Hildebrand & Wolfmuller. One of the worlds earliest production motorcycles.

Cortousey of the veryfine folks at Bonhams Auction house.  I confess that I’m just a bit of a mouthpiece here but they are sending me some excellent photo’s and for those of you who may be interested, some great information about how the high end vintage motorcycle market is doing.  In two words: Not Bad.  Thanks Much to  Bonhams for the inside scoop and the excellent quality photo of this interesting motorcycle!

Now if you’re really interested in this then I suspect that you’re already reading “The Vintegent” on a regular basis.  Paul D’orleans has a series of great posts on the Las Vegas event.  I read them over today and learned a lot. There are some really interesting dynamics going on up there in the ether of rare and expensive umobtanium…. including questions of fakery.  Some blatant and some very subtle.   Do yourself a favor and pay him a visit.  He’s the go-to blog for all things Pre-1920 (and beyond) vintage.


Bonhams first ever motorcycle sale in Las Vegas on Thursday, January 6th, in the heart of the Strip, proved to be a resounding success for the world’s leading automotive auctioneer. With a packed auction room of international buyers from around the US and overseas, approximately 200 motorcycles of diverse makes and models from every era of history sold briskly – even making world records – for a total sum exceeding $2.5 million. Six bikes made in excess of $100,000 on the hammer.

A highlight of the sale was the “holy grail of motorcycles,” the extremely rare and historic Hildebrand & Wolfmüller from circa 1894 Germany – the world’s first production motorcycle and the machine to which the word “motorcycle” was first applied. After much interest from around the globe it sold to an American collector for a world record price of $161,000. It is interesting to note that the Bonhams international motorcycle department have now unearthed two of these extremely rare finds, both from the US, and strategically placed them in their international group auctions on both sides of the Atlantic. In April 2010 an example in less good condition for £86,200 at Bonhams annual Stafford sale.

The ex-Otis Chandler first-year production 1901 Indian “Camel Back” Single, sold for $131,500 after spirited bidding to a collector in the southern hemisphere versus American aficionados.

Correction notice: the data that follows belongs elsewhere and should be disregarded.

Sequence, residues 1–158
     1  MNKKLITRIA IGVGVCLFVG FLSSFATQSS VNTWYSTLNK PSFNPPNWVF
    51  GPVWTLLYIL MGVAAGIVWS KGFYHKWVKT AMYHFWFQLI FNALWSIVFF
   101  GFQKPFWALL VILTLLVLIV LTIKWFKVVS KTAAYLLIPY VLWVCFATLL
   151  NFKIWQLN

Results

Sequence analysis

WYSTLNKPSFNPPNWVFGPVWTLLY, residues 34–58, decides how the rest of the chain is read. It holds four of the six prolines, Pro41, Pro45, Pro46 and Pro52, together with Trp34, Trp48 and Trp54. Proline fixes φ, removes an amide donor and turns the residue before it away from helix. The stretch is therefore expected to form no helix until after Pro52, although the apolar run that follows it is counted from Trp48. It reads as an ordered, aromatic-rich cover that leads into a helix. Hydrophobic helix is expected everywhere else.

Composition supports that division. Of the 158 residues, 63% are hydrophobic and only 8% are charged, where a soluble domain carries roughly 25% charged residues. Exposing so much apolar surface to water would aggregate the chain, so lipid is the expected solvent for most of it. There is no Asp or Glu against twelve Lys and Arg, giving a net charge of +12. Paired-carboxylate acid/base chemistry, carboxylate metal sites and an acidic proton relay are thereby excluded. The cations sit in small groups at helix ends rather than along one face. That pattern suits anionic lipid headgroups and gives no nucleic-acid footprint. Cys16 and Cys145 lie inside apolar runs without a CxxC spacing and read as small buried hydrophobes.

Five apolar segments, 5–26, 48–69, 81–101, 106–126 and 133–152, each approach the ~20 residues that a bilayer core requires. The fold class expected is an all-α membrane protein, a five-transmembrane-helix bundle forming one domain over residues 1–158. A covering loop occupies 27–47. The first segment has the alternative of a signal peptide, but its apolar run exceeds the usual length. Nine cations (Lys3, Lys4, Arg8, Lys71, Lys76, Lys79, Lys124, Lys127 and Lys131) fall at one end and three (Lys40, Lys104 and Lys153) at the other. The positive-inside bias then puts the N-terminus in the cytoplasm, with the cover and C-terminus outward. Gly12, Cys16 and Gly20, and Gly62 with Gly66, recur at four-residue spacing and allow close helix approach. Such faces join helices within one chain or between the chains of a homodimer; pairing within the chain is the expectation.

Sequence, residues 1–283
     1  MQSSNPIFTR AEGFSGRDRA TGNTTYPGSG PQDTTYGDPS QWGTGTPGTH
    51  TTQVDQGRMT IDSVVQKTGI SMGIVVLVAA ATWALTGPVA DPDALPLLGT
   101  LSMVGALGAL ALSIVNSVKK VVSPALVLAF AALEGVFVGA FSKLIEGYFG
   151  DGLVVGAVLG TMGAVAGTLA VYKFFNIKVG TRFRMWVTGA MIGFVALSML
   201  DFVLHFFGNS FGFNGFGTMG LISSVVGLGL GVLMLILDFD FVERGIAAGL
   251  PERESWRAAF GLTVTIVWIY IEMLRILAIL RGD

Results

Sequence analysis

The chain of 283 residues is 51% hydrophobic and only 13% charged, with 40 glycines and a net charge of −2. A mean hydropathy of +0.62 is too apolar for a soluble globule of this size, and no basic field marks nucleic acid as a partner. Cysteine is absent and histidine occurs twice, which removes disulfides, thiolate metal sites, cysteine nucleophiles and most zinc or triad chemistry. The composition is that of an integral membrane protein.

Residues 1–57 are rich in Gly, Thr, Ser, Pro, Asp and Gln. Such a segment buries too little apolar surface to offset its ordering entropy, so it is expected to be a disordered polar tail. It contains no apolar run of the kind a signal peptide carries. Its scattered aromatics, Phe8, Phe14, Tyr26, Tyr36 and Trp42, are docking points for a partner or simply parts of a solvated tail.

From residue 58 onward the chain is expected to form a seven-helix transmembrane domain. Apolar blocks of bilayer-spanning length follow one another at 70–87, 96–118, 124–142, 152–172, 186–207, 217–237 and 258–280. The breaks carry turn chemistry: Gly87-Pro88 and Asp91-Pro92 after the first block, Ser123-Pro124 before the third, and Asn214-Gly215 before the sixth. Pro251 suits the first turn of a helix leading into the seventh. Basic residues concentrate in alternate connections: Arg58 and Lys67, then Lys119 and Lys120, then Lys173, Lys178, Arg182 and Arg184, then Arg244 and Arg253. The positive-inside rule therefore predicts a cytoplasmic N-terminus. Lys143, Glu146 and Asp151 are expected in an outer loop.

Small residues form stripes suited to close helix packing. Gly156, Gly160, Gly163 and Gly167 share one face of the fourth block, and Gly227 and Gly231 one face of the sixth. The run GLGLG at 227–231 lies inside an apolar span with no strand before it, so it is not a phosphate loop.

Other top lots included:

The very rare, factory prepared competition 1939 BMW R51RS – one of only two known BMW factory racers in private hands and the only unrestored pre-War Rennsport in existence – made $130,200 after competitive bidding from US collectors.

The tremendous “time capsule” factory prepared 1929 Harley-Davidson “Peashooter” found in an Australian mine in complete original, unrestored condition brought a very worthy price $125,800 for a private collector.

Two owners from new, documented by factory records as 1 of 12 built with original black frame with Chinese Red tinwork, a 1952 Vincent Series C Touring Rapide sold to a young American lady for $99,450.

From the John Shola Collection, which was 100% sold, the 1952 Vincent Series C Black Shadow sold for $87,400, the highest price realized for a Shadow at auction in the US in the last two years.

The ex-Tony Guest, Daytona BOTT Amateur Modified-winning, 1974 Ducati 750SS Racer doubled its estimate and sold for $53,820 after sparring by international telephone bidders.

Believed to be the sole surviving example of this Australian model, the 1919 GCS 750cc Twin was purchased by a prominent American collector for $52,650.

Furthermore, the Kenneth Klem collection of 50 Hondas was 100% sold, offering cult Japanese machinery to collectors of all budgets.

Says Malcolm Barber, CEO of Bonhams Group and the sales auctioneer, “We are very pleased with our inaugural motorcycle sale here in Las Vegas and we are already focusing on similar consignments for next year. We witnessed the continuing strength of the international collector’s motorcycle market with an increasing trend of new collectors entering this field.”

Mark Osborne, Head of the US Motoring Department, said “We were delighted with the attendance at this first sale and thrilled by the international interest it attained. The atmosphere in the room was energetic from the first lot to the fall of the hammer on the final lot. We were pleased to have already consigned during this auction some star lots for our next motorcycle sale at Quail Lodge in May. Bikes consigned to this upcoming auction include the ex-Steve McQueen Husqvarna 400 that was sold at this very location at the Imperial Palace by the McQueen Estate back in 1984.”

The Bonhams international motorcycle team from both sides of the Atlantic and the East and West Coasts of America were in attendance. Ben Walker, director of the European team, orchestrated bidding from collectors in the UK and Europe live over the telephone into the auction room at the Imperial Palace. Ben now heads towards the Bonhams auction at the Grand Palais in Paris, France, in February where highlights include a circa 1922 Megola and a 1955 Vincent Black Knight.

For a full list of sales results of the “Las Vegas Motorcycle Sale,” please go to www.bonhams.com/vegas

For further press inquiries, please contact press@dravcarn.com


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